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samsmoot

New To Selling Property And Totally At A Loss

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Hi.

Please excuse my total ignorance but there are some things I know absolutely nothing about, selling a house being one of them. My girlfriend has the responsibility of selling the property recently vacated by her estranged husband, and she also knows very little. I'd appreciate it if any replies take this into account. Ta. Also we have no money.

For starters the house has a very short leasehold - about 43 years: the freeholders have given a price (around £8500 + their costs) and we have been advised that the process of acquiring the freehold can be started by the GF and completed by whoever buys the property. They need £100 deposit, which I am sure we can find. The GF thinks they may be asking too much (after looking at some case law), as the ground rent is only about £12 per year, so we are wondering if a counter-offer to the freeholders would be a good idea? But to make a realistic offer we would need to pay a valuation surveyor, would we not? Or should we try and reach a figure ourselves? Or just make an offer and see what happens? As said, we have no money so paying for a VS may be out of the question. What if the property was sold without the freehold - would the new owners have to pay a lot more for the freehold if it's not gotten before the sale of the property?

Also, we do not want to use a solicitor if it can be helped - we would like to handle the sale ourselves but I have suggested the use of a conveyencer might be a good idea at some point.

We have spent a lot of time and effort trying to get the property up to scratch as far as cleaning and decorating, but it's only recently that it was realised that the house was still under leasehold - now it's getting a bit frustrating and we are loathe to do more at the moment - the GF fears that auction sale may be the only way to dispose of the property but that would really be a last resort.

So, the main question is about how to deal with the offer of the freehold, with some input needed re using a solicitor/conveyencer and thoughts on having the property go to auction. Any other suggestions or advice is welcome. We haven't gone to an estate agent - should we? As buyers won't get a mortgage because of the short lease the only thing an ES would do for us is to value the property, which we have an idea of anyway.

I'm thinking the house should just be advertised as it is and see what offers come in - see if we can attract a cash buyer for around the £90,0000 mark (properties in the area go from £110,000 - £130,000 - this one needs central heating installed plus upstairs double glazing and a few more things doing to it). If we can attract a non-cash/mortgage buyer that would be better - just don't know how it will work out on only a promise of the freehold - though I guess the offer will be binding. And on that subject - can we safely assume that the freeholders will deal with the sale of the freehold correctly, or will we need to actually get a solicitor to look at the paperwork before it is signed?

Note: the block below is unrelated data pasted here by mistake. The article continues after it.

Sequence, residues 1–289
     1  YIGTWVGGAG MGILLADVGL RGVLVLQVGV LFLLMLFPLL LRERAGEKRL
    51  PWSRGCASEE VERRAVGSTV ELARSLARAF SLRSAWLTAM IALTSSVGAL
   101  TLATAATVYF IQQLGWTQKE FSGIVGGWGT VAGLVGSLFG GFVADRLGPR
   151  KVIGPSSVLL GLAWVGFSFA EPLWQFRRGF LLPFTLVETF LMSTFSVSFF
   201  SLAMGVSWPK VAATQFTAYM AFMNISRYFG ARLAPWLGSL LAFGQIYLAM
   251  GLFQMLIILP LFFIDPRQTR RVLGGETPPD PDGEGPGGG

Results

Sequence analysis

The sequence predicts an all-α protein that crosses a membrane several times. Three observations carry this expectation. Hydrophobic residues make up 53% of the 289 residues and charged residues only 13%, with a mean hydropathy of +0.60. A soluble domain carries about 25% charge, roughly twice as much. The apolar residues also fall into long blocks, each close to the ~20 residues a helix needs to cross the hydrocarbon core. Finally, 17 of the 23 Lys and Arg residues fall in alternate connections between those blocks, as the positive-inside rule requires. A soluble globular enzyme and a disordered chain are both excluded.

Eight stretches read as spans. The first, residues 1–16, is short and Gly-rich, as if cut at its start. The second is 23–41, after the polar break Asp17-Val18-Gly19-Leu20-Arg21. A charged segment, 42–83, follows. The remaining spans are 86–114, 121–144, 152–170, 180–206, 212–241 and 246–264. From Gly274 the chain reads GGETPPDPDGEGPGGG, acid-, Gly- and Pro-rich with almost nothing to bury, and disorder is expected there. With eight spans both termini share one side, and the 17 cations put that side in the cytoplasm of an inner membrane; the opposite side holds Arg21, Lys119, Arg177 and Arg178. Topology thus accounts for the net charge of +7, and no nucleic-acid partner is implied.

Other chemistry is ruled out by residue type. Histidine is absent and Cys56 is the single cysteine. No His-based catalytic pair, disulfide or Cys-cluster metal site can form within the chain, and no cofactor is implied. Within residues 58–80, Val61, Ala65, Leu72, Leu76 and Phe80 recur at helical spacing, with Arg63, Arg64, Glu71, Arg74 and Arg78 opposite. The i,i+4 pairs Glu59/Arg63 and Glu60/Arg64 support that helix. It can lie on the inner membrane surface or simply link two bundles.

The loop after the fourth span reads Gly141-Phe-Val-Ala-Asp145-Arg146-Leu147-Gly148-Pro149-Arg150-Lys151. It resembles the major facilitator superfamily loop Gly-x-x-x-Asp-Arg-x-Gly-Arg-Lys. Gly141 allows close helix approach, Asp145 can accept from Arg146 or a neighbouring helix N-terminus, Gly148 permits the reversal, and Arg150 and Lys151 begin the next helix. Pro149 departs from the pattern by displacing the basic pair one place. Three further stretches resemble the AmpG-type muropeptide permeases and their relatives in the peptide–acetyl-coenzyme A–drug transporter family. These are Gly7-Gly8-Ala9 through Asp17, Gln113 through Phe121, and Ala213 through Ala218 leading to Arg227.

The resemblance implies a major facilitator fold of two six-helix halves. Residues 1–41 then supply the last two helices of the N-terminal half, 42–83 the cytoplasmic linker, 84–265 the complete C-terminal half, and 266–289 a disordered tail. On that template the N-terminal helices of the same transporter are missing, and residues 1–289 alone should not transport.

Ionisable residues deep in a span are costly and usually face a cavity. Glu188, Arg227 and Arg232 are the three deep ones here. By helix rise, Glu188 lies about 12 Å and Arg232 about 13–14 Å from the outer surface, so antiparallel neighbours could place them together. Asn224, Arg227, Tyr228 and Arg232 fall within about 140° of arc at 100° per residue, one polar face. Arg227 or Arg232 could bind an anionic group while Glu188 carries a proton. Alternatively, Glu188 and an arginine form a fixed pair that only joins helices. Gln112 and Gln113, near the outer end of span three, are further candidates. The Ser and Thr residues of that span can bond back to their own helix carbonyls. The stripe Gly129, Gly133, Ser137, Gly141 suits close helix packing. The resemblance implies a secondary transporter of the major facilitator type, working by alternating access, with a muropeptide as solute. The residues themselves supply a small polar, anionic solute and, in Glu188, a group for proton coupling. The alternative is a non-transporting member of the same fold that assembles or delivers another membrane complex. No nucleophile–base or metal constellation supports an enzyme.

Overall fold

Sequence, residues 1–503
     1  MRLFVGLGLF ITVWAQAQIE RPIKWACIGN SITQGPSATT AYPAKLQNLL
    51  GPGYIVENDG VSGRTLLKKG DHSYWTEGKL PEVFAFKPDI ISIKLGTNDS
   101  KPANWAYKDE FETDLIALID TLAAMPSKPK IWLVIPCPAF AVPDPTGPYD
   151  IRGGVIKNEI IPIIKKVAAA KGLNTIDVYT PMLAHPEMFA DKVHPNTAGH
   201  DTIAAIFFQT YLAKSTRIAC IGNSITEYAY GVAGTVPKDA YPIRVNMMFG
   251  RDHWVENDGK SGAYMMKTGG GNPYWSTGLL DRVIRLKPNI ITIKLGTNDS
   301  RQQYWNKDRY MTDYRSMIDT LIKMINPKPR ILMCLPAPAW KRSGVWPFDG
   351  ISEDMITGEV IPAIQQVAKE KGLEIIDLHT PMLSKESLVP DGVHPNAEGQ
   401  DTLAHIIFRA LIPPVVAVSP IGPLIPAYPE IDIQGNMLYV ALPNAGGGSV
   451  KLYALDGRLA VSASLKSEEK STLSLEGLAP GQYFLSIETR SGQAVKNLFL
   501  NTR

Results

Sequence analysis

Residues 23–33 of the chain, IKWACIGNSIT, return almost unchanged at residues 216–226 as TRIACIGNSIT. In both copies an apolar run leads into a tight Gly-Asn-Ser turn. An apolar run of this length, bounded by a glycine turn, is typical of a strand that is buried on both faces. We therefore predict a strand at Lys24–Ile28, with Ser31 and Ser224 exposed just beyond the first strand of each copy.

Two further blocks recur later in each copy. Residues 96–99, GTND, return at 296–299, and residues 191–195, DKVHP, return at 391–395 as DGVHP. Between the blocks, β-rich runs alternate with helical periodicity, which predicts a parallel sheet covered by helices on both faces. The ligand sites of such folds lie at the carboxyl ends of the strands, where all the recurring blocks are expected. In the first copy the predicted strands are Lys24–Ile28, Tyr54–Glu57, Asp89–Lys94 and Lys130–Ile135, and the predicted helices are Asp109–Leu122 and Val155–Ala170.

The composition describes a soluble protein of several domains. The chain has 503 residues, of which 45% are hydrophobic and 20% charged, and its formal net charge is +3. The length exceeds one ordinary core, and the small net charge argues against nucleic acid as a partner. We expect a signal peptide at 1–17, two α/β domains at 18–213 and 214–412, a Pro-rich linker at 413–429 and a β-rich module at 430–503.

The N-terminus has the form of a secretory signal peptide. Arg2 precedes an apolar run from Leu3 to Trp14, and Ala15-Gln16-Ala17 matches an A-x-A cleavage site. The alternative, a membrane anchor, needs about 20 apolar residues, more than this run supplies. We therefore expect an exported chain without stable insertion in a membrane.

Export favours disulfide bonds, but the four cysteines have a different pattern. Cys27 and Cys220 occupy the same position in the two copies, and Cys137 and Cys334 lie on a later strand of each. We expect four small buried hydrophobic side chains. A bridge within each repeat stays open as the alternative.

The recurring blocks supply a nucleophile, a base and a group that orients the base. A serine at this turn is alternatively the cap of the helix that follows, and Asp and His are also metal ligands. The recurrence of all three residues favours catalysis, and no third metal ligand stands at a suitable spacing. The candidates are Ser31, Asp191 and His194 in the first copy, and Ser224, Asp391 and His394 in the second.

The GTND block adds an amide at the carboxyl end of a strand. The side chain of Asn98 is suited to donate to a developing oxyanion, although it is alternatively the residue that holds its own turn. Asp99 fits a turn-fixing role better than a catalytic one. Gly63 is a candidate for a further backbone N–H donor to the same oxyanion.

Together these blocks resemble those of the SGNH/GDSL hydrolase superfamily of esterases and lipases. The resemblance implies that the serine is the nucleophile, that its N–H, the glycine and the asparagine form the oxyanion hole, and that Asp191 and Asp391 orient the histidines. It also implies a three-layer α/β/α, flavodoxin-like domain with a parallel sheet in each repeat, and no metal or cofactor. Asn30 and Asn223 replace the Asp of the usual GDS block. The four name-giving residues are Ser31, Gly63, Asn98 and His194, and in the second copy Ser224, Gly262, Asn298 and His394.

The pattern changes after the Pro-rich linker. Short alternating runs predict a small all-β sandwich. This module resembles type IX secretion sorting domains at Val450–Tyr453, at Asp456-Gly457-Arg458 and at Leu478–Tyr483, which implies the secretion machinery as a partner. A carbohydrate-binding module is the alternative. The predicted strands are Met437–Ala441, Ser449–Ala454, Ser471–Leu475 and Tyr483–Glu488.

Anyway, we'd appreciate any help or advice or suggestions. Many thanks.

Edited by samsmoot

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i know its not what you want to hear but you have to appoint a solicitor.

all house purchases have monies going to a solicitor, not to a homeowner direct.

its done that way to avoid situations where there is a still legally married husband on the scene.

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Hi.

Please excuse my total ignorance but there are some things I know absolutely nothing about, selling a house being one of them. My girlfriend has the responsibility of selling the property recently vacated by her estranged husband, and she also knows very little. I'd appreciate it if any replies take this into account. Ta. Also we have no money.

For starters the house has a very short leasehold - about 43 years: the freeholders have given a price (around £8500 + their costs) and we have been advised that the process of acquiring the freehold can be started by the GF and completed by whoever buys the property. They need £100 deposit, which I am sure we can find. The GF thinks they may be asking too much (after looking at some case law), as the ground rent is only about £12 per year,

With only 43 years to go the ground rent is irrelevant noise when determining the costs of an extension. The largest factor is the reversion value, which with only 43 years to go is going to be circa 30% of the value of the property.

8,500 is bloody cheap IMHO and you should snap their hands off.

However, what is that for. Is it a 90 years extension at a peppercorn rent (as per the statutory requirements) or a new 99 year lease at market rent, which is what most FH offer as an alternative as it gives them a second bite at the cherry in 20 years time when the then current owner needs another new lease and thus means that the freehold has a reasonable resale value.

(Though most prospective purchasors won't notice the difference and there is no reason not to accept the latter in 99% of cases)

tim

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With only 43 years to go the ground rent is irrelevant noise when determining the costs of an extension. The largest factor is the reversion value, which with only 43 years to go is going to be circa 30% of the value of the property.

8,500 is bloody cheap IMHO and you should snap their hands off.

However, what is that for. Is it a 90 years extension at a peppercorn rent (as per the statutory requirements) or a new 99 year lease at market rent, which is what most FH offer as an alternative as it gives them a second bite at the cherry in 20 years time when the then current owner needs another new lease and thus means that the freehold has a reasonable resale value.